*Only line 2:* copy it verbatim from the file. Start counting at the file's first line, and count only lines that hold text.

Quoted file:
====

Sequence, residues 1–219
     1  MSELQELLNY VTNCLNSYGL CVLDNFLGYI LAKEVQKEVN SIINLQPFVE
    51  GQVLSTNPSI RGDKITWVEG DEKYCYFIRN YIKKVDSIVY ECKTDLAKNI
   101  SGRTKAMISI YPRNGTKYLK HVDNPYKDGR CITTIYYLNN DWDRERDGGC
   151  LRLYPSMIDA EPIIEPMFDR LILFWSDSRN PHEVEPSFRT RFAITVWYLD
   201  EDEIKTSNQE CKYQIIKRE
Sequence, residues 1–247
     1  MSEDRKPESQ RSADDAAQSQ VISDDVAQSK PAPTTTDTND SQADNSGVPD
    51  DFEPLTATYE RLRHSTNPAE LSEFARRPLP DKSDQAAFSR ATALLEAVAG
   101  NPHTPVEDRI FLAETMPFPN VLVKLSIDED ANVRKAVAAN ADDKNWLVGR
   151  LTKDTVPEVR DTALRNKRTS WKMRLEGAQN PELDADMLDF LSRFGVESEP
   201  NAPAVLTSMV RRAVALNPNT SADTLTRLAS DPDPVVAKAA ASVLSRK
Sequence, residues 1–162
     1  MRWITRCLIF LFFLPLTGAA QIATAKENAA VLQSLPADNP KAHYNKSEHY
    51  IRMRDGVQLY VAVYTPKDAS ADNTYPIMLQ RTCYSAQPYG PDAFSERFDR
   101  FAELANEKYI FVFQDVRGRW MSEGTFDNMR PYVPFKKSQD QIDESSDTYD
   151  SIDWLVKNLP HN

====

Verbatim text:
     1  MSELQELLNY VTNCLNSYGL CVLDNFLGYI LAKEVQKEVN SIINLQPFVE